Recession Watch: Slash your credit card debt
byJan 29th 2008 4:45PM
Ken and Daria Dolan are widely known as America's First Family of Personal Finance.
Do you hear that sound? Listen closely... it's the sound of American consumers tightening their belts.
The endless barrage of troubling economic news and a badly bruised stock market have finally gotten everyone's attention. (Anyone still want to argue that we aren't in a recession?)
To protect your family and your finances during these very uncertain times, it is critical that you batten down the hatches and prepare to ride this out. One critical way to do that is by tackling your credit card debt.
Now let's be clear about something before we start... you DON'T need a lot of money to make an immediate dent in your debt. Armed with these three simple steps and even $10 extra a month, you can take a big bite out of your credit card debt. So let's get started.
STEP 1: Make more than the minimum payment. 47% of credit card customers are making only minimum payments each month.
At that rate, a $1,000 balance with 18% interest and a $10 minimum payment will take you -- GULP -- 7.3 years and $516 in interest to pay off!
But here's the good news: Add just an extra $10 a month -- less than the cost of a trip or two to Starbucks -- and you will shave off almost 4 years and save more than $200 in interest!
Click here to use a handy little calculator that will figure out exactly how much you will save if you make more than the minimum payment on your balance.
When you make extra payments, pay off your highest interest rate cards first. This will give you the most bang for every extra buck and will actually eliminate your debt faster than paying off the card with the highest balance.
STEP 2: Lower your interest rate TODAY. If you are paying more than 15% interest, you can save hundreds if not thousands of dollars by lowering your rate.
Credit card companies are pulling out all the stops to sign up customers. And they're not just after new customers... they're doing cartwheels to keep existing customers. Use this competition to your advantage.
Over the next few days, take a peek at any credit card offers you get in the mail rather than throwing them right in the shredder. As soon as you find one with a lower interest rate than you're currently paying, you have the ammunition you need.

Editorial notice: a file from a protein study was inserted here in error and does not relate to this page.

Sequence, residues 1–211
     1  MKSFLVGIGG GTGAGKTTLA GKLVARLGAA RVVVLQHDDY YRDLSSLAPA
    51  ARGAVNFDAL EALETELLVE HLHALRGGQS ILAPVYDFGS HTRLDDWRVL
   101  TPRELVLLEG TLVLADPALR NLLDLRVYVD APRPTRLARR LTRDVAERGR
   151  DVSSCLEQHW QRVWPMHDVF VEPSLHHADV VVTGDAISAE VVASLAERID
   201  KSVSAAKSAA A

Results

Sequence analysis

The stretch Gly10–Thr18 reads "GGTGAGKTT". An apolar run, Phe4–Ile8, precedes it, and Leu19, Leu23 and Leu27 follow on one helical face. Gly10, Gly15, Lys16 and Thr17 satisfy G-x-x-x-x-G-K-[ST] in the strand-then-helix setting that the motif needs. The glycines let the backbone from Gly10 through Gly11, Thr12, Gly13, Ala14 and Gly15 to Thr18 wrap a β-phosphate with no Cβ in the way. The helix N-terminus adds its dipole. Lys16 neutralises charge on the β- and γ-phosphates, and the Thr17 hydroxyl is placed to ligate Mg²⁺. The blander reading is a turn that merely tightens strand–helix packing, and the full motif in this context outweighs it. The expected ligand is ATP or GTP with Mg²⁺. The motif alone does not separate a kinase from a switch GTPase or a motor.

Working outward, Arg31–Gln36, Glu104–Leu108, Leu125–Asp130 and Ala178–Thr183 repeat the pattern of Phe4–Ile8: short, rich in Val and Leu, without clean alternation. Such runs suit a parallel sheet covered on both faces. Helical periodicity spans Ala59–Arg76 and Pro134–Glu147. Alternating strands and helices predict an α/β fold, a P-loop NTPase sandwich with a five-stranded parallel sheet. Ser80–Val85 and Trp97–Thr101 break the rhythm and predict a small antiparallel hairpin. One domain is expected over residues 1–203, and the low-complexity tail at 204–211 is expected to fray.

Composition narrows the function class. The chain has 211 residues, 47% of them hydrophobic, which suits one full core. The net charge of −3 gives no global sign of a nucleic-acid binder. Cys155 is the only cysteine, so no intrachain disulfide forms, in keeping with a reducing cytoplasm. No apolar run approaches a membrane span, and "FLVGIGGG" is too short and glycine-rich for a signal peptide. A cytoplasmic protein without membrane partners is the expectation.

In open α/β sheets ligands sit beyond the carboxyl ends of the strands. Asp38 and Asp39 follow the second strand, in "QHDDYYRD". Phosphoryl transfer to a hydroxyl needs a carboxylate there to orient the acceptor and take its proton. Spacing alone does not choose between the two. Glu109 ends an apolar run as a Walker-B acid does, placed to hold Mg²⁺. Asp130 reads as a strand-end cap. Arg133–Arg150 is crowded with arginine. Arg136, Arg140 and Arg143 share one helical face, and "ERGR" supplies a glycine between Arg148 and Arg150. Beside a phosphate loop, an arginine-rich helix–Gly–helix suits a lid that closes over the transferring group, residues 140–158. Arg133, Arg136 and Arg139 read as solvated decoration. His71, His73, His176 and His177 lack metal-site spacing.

Most of these flashy offers are only introductory interest rates that go up after six months or a year. To find out what your real interest rate will be, look for the "disclosure box," or as we like to call it, the "all the things we don't really want to tell you but we're required to by law" box. In this box, you'll find the card's normal interest rate after the teaser rate ends.
With your account number in hand, call your credit card company and say, "I'm calling about account number XYZ. I have been a good customer for X number of years. I have gotten offers for credit cards with much lower interest rates than you are charging me. I would like to keep giving you my business but cannot do so unless you can lower my interest rate today."
The person on the other end of the phone will probably say something like, "Oh, those are just introductory rates... you'll end up paying much more when the real rate kicks in." We want you to respond by saying, "I understand that this is an introductory rate, but even after the permanent rate kicks in, their rate is still lower than what you charge me. Can you lower my rate or should I take my business elsewhere?"
Worst-case scenario: They say no, and you still lower your interest rate by opening a new account someplace else. Is that so terrible? We don't think so! Best-case scenario: They say yes and you immediately start saving money with a lower interest rate on your balance!
STEP 3: Eliminate temptation. Purge your wallet of unnecessary credit cards. Americans carry an average of 15 cards per household. You really need only two or three, so apply scissors liberally.
Which cards should go first? Say goodbye to your department store cards. They usually charge outrageous interest rates, and almost any store today will accept MasterCard and Visa.
Next up on the chopping block: any card with an annual fee. With all the card options out there, you simply don't have to pay an annual fee these days. No ifs, ands, or buts about it.
There you have it: three simple steps to taking a BIG bite out of your credit card debt today. Please, please don't put it off. We expect rough waters ahead for some time, and getting rid of credit card debt is one of the smartest things you can do today for your family's financial well-being.
Ken and Daria Dolan, America's First Family of Finance, offer advice on everything from debt management to taxes to insurance at Dolans.com. This post is part of a series offering consumers advice on what to do during a recession.